Only full-text, English language, primary research papers from 2009 to 2023 were included. This was the chosen timeframe as in 2009 the Health and Social Reform Act made it mandatory for certain Health and Social Care organisations to involve the public and patients in planning, delivering, and evaluating services [ 2 ]. Only creative methods of PPI were accepted, rather than traditional methods, such as interviews or focus groups. For the purposes of this paper, creative PPI included creative art or arts-based approaches (e.g., e.g. stories, songs, drama, drawing, painting, poetry, photography) to enhance engagement. Titles were related to health and social care and the creative PPI was used to engage with people as research advisors, not as study participants. Meta-analyses, conference abstracts, book chapters, commentaries and reviews were excluded. There were no limits concerning study location or the demographic characteristics of the PPI groups. Only qualitative data were accepted.

## Quality appraisal

Quality appraisal using the Critical Appraisal Skills Programme (CASP) checklist [ 10 ] was conducted by the primary authors (ORP and CH). This was done independently, and discrepancies were discussed and resolved. If a consensus could not be reached, a third independent reviewer was consulted (JRM). The full list of quality appraisal questions can be found in Additional file 2 .

## Data extraction

ORP extracted the study characteristics and a subset of these were checked by CH. Discrepancies were discussed and amendments made. Extracted data included author, title, location, year of publication, year study was carried out, research question/aim, creative methods used, number of participants, mean age, gender, ethnicity of participants, setting, limitations and strengths of creative PPI and main findings.

## Data analysis

The included studies were analysed using inductive thematic analysis [ 11 ], where themes were determined by the data. The familiarisation stage took place during full-text reading of the included articles. Anything identified as a strength or limitation to creative PPI methods was extracted verbatim as an initial code and inputted into the data extraction Excel sheet. Similar codes were sorted into broader themes, either under ‘strengths’ or ‘limitations’ and reviewed. Themes were then assigned a name according to the codes.

The search yielded 9978 titles across the 5 databases: Web of Science (1480 results), PubMed (94 results), ASSIA (2454 results), CINAHL (5948 results) and Cochrane Library (2 results), resulting in 8553 different studies after deduplication. ORP and CH independently screened their titles and abstracts, excluding those that did not meet the criteria. After assessment, 12 studies were included (see Fig.  1 ).

PRISMA flowchart of the study selection process

## Study characteristics

The included studies were published between 2018 and 2022. Seven were conducted in the UK [ 12 , 14 , 15 , 17 , 18 , 19 , 23 ], two in Canada [ 21 , 22 ], one in Australia [ 13 ], one in Norway [ 16 ] and one in Ireland [ 20 ]. The PPI activities occurred across various settings, including a school [ 12 ], social club [ 12 ], hospital [ 17 ], university [ 22 ], theatre [ 19 ], hotel [ 20 ], or online [ 15 , 21 ], however this information was omitted in 5 studies [ 13 , 14 , 16 , 18 , 23 ]. The number of people attending the PPI sessions varied, ranging from 6 to 289, however the majority (ten studies) had less than 70 participants [ 13 , 14 , 16 , 17 , 18 , 19 , 20 , 21 , 22 , 23 ]. Seven studies did not provide information on the age or gender of the PPI groups. Of those that did, ages ranged from 8 to 76 and were mostly female. The ethnicities of the PPI group members were also rarely recorded (see Additional file 3 for data extraction table).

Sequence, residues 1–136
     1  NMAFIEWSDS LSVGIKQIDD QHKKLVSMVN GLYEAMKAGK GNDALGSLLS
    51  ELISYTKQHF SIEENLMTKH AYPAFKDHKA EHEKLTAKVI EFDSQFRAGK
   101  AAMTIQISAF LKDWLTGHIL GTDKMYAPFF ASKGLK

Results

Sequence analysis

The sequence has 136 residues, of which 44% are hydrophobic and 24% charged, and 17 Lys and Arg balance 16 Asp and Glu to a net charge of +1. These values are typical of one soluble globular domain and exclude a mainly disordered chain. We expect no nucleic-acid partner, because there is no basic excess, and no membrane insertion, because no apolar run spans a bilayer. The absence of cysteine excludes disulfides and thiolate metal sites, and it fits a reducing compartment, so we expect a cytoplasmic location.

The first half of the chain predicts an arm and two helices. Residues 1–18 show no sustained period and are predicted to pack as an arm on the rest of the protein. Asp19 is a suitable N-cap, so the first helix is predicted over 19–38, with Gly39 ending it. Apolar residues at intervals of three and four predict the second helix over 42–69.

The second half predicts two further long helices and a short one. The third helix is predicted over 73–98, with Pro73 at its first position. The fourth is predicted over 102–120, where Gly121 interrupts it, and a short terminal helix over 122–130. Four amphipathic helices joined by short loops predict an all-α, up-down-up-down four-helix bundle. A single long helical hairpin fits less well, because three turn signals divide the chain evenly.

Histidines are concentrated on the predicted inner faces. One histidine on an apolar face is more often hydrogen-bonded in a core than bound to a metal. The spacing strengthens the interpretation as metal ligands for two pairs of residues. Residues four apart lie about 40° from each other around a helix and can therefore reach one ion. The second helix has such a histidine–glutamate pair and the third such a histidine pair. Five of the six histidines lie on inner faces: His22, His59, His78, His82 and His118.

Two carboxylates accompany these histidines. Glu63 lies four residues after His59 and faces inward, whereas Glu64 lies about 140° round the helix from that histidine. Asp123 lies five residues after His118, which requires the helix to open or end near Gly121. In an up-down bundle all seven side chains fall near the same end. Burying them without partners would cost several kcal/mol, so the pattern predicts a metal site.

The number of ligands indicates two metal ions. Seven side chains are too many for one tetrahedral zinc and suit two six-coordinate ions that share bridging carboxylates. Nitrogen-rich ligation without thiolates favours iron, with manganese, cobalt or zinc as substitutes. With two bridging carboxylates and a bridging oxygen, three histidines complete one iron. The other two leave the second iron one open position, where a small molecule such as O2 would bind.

## Types of creative methods

The type of creative methods used to engage the PPI groups were varied. These included songs, poems, drawings, photograph elicitation, drama performance, visualisations, Facebook, photography, prototype development, cultural animation, card sorting and creating personas (see Table  1 ). These were sometimes accompanied by traditional methods of PPI such as interviews and focus group discussions.

The 12 included studies were all deemed to be of good methodological quality, with scores ranging from 6/10 to 10/10 with the CASP critical appraisal tool [ 10 ] (Table  2 ).

## Thematic analysis

Analysis identified four limitations and five strengths to creative PPI (see Fig.  2 ). Limitations included the time and resource intensity of creative PPI methods, its lack of generalisation, ethical issues and external factors. Strengths included the disruption of power hierarchies, the engaging and inclusive nature of the methods and their long-term cost and time efficiency. Creative PPI methods also allowed mundane and “taboo” topics to be discussed within a safe space.

Theme map of strengths and limitations

## Limitations of creative PPI

Creative ppi methods are time and resource intensive.

The time and resource intensive nature of creative PPI methods is a limitation, most notably for the persona-scenario methodology. Valaitis et al. [ 22 ] used 14 persona-scenario workshops with 70 participants to co-design a healthcare intervention, which aimed to promote optimal aging in Canada. Using the persona method, pairs composed of patients, healthcare providers, community service providers and volunteers developed a fictional character which they believed represented an ‘end-user’ of the healthcare intervention. Due to the depth and richness of the data produced the authors reported that it was time consuming to analyse. Further, they commented that the amount of information was difficult to disseminate to scientific leads and present at team meetings. Additionally, to ensure the production of high-quality data, to probe for details and lead group discussion there was a need for highly skilled facilitators. The resource intensive nature of the creative co-production was also noted in a study using the persona scenario and creative worksheets to develop a prototype decision support tool for individuals with malignant pleural effusion [ 17 ]. With approximately 50 people, this was also likely to yield a high volume of data to consider.